"The disaster plan didn't function," said a former TEPCO official, quote by the Journal. "It didn't envision something this big."

The revelations add to Japanese suspicion over TEPCO's track record on safety issues surrounding Fukushima and attempts to cover them up.

In 2002 TEPCO admitted to falsifying safety reports which led to all 17 of its boiling-water reactors being shut down for inspection, including Fukushima. And in an eerily familiar event, a 2007 earthquake paralyzed its Kashiwazaki-Kariwa nuclear plant -- the world's biggest -- and more radiation leaked than TEPCO initially acknowledged.

TEPCO later said it underestimated the potential impact of an earthquake on the facility.

On Thursday Japanese officials were saying there no plans to widen an exclusion zone around the stricken plant, amid revelations that radiation levels in the sea near the plant had risen to a new high of 4,385 times the legal level.

earlier related report
Japan says no need to evacuate village near nuclear plant
Tokyo (AFP) March 31, 2011 - Japan's nuclear safety agency said Thursday there is no need to evacuate a village 40 km (25 miles) from the crippled Fukushima nuclear plant after the UN nuclear watchdog voiced concern.

The International Atomic Energy Agency (IAEA) earlier said radiation levels taken at Iitate, located well outside Japan's 20km exclusion zone from the stricken facility, were above its evacuation level.

But Japan's nuclear safety agency said there was no need for the several thousand people still in the village northwest of the plant to leave.

"The IAEA notice was based on a limited sample and a single reading," agency official Yoshihiro Sugiyama told AFP.

"It had an explanatory note that it is necessary to closely follow the situation. We also acknowledge the need to closely follow the situation.

"But at the moment, we do not have the understanding that it is necessary to evacuate residents there. We think the residents can stay calm."

Authorities later said they would Friday lift restrictions issued earlier on drinking tap water in the village, public broadcaster NHK reported.

Norio Kanno, the mayor of the village, which had a pre-disaster population of 6,000, said he was initially "very worried" about the IAEA warning, NHK reported on its website.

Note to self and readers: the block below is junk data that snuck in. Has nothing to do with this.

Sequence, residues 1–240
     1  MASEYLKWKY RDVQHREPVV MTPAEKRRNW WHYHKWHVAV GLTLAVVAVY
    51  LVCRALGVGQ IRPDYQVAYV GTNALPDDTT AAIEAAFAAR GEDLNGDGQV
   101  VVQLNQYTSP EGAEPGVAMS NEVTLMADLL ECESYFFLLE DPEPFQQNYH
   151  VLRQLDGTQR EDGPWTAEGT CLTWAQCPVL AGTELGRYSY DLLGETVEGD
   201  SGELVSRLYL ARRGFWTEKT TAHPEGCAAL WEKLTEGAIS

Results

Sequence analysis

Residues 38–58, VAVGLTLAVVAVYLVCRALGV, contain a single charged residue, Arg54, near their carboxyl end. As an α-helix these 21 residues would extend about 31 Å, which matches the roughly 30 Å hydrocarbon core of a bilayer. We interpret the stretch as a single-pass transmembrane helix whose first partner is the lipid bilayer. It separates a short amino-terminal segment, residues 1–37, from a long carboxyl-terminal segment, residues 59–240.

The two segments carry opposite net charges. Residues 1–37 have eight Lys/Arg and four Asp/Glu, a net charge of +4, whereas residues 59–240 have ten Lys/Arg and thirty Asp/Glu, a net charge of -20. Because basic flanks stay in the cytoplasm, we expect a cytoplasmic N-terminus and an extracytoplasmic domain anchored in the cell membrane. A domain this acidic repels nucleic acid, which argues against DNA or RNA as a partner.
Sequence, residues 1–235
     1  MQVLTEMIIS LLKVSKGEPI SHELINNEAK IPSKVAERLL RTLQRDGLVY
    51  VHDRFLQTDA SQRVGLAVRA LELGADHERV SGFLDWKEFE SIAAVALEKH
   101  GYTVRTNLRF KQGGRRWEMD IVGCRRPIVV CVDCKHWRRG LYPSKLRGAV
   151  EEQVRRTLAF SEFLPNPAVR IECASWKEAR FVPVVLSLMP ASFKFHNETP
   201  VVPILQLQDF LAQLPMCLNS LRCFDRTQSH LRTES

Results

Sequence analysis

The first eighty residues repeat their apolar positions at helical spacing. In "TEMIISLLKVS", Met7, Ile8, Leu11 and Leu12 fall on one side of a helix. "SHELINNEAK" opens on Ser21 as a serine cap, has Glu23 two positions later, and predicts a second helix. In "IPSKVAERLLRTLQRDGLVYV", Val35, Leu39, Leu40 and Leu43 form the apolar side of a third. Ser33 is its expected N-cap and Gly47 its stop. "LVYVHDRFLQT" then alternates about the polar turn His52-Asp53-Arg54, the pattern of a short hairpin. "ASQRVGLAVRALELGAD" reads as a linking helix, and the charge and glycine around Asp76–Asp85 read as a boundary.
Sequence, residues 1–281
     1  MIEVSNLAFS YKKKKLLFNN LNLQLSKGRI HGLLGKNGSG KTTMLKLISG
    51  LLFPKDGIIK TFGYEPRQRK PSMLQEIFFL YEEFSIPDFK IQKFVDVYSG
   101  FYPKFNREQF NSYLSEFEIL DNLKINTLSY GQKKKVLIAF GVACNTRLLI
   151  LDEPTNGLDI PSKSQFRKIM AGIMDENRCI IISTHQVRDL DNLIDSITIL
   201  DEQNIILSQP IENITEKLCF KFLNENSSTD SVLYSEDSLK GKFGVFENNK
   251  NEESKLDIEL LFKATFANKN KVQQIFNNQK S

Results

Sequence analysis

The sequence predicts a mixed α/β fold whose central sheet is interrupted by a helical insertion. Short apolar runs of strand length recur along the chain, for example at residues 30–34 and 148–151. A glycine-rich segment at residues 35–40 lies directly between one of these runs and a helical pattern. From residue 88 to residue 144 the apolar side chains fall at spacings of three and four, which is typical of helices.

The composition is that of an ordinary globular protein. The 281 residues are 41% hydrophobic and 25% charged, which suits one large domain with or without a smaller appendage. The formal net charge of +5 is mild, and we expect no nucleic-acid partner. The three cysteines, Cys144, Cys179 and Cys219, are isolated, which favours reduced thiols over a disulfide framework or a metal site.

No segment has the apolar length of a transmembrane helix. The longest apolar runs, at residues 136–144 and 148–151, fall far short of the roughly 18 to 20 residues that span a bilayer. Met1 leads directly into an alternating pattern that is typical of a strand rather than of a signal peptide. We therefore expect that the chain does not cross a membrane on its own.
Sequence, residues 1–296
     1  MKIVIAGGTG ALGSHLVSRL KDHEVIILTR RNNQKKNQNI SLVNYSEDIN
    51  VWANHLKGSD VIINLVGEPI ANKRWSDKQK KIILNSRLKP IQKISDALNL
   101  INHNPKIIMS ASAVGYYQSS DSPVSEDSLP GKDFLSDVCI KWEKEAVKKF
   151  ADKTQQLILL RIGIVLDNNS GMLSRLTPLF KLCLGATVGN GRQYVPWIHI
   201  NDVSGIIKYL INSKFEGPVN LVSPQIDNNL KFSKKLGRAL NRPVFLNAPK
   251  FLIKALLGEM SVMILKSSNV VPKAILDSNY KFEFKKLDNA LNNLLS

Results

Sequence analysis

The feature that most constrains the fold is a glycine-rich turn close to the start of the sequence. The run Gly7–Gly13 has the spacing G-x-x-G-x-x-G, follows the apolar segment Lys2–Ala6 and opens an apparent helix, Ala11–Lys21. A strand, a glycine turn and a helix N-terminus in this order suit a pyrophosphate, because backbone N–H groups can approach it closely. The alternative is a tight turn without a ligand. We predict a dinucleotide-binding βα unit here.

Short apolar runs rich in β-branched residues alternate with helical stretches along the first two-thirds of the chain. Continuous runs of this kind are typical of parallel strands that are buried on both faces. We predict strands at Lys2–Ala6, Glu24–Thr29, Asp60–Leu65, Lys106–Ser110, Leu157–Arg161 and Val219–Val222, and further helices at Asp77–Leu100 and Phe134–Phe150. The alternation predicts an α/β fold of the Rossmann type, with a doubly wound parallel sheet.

"But the government immediately informed us that there is no immediate harm to human health, so I was relieved," he said.

"Villagers have voiced concern, but the levels of radiation in the tap water and the air are declining. I will carefully monitor them before taking any actions."

The Fukushima plant was crippled by a tsunami on March 11 and hit by several explosions, leading to frantic efforts to prevent a catastrophic meltdown as radiation has wafted into the air and seeped into the ocean.

Japan has imposed a 20 km exclusion zone around the plant, and also urged people within 30 km to move away.

According to Elena Buglova, head of the IAEA's Incident and Emergency Centre, the reading in Iitate village was 2 megabecquerels per square metre.

That was a "ratio about two times higher than levels" at which the agency recommends evacuations, she said.




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DISASTER MANAGEMENT
Japan nuclear refugees feel 'betrayed'
Yokote, Japan (AFP) March 31, 2011
Refugees who fled Japan's tsunami-hit nuclear reactors say they have been betrayed by the company that runs them, accusing embattled operator TEPCO of creating a "man-made disaster". Tens of thousands of people left their homes near the Fukushima Daiichi nuclear plant after it was crippled by the massive quake and tsunami that hit Japan on March 11, washing away whole towns. Some have ha ... read more